The outcome of the councilmanic elections in Baltimore's 3rd District could well prove to be the acid test of the redistricting plan approved by the City Council earlier this year.
Before redistricting, blacks comprised about 44 percent of the district's residents. Yet the 3rd had never elected a black council member. By increasing the proportion of blacks to 60 percent, the authors of the plan clearly hoped to increase the likelihood of electing at least one black member from the district.
It seems equally clear to us that the incumbents, E. "Mike" Curran and Wilbur E. "Bill" Cunningham, have done very little to advance this relatively modest goal, even though the circumstance of an open seat left by Councilman Jody Landers' decision to run for comptroller offered them a golden opportunity to accommodate black political aspirations by forming an integrated ticket with one of several qualified black candidates in the race. They chose not to do so.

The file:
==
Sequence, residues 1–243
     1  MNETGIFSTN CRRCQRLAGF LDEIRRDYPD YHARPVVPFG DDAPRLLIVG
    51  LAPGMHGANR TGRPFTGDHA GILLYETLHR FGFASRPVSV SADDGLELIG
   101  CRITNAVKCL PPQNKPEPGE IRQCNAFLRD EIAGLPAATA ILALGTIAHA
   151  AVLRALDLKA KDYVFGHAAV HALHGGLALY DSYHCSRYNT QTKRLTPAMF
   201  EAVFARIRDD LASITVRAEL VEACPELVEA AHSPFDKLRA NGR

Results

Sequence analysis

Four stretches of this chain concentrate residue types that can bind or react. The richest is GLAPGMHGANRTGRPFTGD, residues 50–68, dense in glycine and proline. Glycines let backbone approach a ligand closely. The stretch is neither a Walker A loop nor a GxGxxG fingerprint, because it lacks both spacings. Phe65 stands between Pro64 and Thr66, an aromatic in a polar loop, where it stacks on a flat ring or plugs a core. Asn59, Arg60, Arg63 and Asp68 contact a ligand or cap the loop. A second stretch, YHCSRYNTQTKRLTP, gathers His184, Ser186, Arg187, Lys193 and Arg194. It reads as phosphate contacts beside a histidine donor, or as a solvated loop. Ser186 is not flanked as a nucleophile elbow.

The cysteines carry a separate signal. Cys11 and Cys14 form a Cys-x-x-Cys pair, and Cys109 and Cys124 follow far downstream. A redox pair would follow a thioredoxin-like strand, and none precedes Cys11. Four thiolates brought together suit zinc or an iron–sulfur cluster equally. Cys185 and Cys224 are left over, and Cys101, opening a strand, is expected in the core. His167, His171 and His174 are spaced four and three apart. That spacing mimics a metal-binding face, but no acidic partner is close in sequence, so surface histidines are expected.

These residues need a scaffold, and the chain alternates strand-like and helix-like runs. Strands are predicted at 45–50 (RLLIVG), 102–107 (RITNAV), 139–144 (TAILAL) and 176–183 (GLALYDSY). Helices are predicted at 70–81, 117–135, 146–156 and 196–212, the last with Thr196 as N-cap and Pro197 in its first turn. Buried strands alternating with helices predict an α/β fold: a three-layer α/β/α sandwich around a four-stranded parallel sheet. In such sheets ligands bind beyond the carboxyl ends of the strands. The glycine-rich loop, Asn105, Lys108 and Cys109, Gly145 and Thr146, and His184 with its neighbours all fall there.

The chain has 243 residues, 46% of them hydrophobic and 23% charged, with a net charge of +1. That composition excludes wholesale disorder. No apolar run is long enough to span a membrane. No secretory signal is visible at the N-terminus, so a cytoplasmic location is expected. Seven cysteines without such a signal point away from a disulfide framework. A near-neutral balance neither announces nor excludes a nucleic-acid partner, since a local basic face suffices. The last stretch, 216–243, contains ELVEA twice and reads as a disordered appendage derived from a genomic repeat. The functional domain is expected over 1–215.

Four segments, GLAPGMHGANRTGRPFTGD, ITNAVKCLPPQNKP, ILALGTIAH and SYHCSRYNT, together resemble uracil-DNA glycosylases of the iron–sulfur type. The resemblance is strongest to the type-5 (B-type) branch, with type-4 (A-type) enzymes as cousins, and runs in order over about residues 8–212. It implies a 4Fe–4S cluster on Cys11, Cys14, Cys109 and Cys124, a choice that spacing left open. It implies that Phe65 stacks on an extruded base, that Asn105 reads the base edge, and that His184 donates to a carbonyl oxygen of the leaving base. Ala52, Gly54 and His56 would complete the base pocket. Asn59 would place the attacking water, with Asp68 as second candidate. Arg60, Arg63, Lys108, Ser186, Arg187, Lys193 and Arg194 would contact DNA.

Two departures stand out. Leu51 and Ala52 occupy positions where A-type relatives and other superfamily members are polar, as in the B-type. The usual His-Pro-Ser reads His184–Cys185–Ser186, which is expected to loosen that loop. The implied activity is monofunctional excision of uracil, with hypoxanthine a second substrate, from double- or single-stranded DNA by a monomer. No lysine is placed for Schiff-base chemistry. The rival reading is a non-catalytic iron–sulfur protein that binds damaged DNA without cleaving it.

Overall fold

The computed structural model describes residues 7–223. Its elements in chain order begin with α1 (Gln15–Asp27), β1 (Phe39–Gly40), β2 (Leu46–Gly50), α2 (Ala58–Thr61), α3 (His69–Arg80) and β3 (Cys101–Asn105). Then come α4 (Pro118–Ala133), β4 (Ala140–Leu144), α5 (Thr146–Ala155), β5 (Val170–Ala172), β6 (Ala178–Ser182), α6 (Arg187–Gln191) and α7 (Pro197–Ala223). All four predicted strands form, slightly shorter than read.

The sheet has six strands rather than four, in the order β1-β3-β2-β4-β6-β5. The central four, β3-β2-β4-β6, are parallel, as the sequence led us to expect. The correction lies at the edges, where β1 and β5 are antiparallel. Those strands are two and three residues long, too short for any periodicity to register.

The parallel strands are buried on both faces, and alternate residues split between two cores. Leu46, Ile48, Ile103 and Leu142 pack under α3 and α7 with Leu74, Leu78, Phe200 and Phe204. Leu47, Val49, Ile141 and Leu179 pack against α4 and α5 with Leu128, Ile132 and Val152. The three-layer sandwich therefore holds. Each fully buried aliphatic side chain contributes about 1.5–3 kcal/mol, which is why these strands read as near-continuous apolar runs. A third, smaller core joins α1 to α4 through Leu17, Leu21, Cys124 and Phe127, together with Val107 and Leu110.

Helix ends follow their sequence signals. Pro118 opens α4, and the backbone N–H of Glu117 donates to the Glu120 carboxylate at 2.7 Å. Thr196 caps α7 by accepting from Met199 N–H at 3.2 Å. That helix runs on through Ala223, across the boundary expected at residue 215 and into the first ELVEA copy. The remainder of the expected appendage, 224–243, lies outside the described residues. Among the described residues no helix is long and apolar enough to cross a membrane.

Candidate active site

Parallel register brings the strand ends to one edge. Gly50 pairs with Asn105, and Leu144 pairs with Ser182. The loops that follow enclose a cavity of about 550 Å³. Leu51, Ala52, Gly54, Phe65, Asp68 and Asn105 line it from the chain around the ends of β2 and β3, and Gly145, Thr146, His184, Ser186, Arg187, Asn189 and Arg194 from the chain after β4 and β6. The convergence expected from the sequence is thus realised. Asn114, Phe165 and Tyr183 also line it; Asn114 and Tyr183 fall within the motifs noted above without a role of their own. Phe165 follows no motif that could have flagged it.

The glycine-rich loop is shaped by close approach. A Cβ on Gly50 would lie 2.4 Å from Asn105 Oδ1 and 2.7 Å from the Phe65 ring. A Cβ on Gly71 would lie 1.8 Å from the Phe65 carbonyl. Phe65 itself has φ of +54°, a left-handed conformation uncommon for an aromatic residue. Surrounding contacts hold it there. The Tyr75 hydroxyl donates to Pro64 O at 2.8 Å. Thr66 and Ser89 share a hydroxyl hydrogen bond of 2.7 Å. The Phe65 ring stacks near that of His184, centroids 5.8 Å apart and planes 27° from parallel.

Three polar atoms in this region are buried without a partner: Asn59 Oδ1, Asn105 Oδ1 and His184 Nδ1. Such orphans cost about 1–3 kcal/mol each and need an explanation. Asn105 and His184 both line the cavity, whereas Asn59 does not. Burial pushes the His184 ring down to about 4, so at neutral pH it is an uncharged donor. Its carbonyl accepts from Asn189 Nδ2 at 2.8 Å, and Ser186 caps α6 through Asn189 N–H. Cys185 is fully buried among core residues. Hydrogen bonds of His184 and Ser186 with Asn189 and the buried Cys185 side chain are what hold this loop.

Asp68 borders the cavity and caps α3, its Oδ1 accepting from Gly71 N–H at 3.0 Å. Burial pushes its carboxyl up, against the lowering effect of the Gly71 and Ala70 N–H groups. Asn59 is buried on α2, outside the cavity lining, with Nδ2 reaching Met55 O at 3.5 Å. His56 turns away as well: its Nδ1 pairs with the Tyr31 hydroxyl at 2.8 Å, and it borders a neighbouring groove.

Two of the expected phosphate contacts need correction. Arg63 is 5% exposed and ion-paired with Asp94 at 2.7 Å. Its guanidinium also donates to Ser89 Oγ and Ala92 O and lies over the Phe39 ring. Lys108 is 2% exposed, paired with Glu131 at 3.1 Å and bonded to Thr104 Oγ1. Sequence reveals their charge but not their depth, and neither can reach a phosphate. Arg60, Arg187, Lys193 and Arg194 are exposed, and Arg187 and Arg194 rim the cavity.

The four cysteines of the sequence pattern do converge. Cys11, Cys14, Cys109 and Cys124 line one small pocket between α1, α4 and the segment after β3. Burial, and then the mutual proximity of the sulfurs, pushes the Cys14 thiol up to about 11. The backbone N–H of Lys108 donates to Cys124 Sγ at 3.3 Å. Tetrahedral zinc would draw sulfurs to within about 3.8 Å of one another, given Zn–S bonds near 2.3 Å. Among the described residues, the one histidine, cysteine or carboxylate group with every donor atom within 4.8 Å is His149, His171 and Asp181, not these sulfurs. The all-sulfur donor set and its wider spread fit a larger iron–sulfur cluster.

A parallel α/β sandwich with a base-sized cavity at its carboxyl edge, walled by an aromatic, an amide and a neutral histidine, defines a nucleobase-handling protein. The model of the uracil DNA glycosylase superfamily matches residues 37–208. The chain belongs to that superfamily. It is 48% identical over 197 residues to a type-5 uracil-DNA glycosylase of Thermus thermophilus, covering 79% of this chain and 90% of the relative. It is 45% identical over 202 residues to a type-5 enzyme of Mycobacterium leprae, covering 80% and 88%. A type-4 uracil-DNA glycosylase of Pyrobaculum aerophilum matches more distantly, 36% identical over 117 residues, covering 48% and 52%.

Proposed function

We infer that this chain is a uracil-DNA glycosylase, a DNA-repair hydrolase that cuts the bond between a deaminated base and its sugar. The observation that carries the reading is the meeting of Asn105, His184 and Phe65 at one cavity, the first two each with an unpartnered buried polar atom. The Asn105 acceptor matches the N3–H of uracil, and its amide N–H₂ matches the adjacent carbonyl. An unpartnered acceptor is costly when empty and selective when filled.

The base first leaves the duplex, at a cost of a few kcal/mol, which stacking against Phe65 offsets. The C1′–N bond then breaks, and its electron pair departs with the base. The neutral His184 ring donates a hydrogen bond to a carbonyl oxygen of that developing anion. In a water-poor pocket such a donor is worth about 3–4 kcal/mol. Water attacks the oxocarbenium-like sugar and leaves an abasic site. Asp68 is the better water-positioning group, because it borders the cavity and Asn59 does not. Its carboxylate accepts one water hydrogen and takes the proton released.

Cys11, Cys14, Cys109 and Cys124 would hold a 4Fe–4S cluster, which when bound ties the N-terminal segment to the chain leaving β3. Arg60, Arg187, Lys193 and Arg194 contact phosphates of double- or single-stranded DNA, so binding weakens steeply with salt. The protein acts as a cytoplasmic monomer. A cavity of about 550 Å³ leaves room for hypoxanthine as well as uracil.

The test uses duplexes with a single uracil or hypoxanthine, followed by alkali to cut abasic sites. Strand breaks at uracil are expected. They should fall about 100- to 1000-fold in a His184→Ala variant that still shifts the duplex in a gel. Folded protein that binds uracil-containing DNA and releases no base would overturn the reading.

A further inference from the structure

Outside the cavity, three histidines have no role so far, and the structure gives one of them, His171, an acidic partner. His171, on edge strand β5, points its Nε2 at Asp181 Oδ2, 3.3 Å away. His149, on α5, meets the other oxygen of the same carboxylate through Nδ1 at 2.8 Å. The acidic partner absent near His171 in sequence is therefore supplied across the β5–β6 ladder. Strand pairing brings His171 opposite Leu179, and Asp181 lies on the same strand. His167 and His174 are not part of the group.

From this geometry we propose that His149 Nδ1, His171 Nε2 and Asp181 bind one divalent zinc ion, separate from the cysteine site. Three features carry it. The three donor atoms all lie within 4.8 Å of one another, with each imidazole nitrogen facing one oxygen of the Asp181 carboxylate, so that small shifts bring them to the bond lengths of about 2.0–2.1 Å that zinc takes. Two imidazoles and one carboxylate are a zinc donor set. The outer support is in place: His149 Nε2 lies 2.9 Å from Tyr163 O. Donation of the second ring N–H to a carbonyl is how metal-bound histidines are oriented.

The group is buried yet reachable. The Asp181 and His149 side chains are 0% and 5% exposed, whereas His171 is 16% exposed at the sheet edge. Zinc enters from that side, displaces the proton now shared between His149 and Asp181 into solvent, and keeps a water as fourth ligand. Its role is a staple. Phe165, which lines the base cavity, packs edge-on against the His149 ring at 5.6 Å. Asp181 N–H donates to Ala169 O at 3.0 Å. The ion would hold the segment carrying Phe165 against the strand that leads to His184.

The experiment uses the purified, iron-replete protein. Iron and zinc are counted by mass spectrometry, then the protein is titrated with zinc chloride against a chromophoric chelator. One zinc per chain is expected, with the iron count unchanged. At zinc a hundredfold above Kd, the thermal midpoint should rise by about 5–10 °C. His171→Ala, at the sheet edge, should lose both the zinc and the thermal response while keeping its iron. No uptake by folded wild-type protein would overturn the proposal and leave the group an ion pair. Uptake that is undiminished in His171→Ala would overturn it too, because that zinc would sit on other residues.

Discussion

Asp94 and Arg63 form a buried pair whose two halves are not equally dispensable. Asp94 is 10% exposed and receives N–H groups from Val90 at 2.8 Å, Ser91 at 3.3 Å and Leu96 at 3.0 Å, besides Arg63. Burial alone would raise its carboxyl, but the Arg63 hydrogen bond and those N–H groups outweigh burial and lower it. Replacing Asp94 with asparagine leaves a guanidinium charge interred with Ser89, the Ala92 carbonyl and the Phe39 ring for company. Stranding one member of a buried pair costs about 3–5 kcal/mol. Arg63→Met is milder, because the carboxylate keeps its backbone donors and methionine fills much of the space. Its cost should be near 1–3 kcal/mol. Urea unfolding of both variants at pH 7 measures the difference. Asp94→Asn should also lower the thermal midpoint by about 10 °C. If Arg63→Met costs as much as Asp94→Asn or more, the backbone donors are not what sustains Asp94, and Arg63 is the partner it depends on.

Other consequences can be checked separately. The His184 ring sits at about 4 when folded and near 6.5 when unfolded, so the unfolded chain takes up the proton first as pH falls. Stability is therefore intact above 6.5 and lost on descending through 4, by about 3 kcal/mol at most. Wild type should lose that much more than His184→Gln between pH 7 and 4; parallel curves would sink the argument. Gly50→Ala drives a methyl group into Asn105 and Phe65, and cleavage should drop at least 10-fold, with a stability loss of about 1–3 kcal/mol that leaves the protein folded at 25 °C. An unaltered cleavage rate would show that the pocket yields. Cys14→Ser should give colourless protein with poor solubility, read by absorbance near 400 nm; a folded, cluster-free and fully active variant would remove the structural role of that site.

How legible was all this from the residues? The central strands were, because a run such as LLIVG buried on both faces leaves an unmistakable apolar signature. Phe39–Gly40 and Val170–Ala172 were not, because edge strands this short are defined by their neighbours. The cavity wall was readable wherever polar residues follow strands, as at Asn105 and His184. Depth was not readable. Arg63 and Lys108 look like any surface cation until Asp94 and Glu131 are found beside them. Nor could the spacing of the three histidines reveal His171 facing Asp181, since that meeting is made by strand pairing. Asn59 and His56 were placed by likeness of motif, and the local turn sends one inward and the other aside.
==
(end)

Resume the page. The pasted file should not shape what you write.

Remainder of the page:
We believe it is time for 3rd District voters to elect a new slate of Martin O'Malley, Kevin O'Keeffe and Maegertha Whitaker for City Council. O'Malley, a lawyer who narrowly lost election to the state Senate last year, has advocated such ideas as semiannual property taxes as an incentive for first-time homebuyers. Related by marriage to the Curran family, he could prove a forward-looking link to a venerable tradition. O'Keeffe wrote a book about city politics before earning a law degree and returning to Baltimore as a special assistant to Mayor Kurt Schmoke. He has many interesting ideas on streamlining the city bureaucracy in an era of declining population and municipal budgets. Whitaker, a member of the Democratic State Central Committee, is a longtime neighborhood activist in the Frankford Improvement Association.
We believe an O'Malley, O'Keeffe and Whitaker ticket would bring balanced representation and leadership of a high order to all 3rd District residents.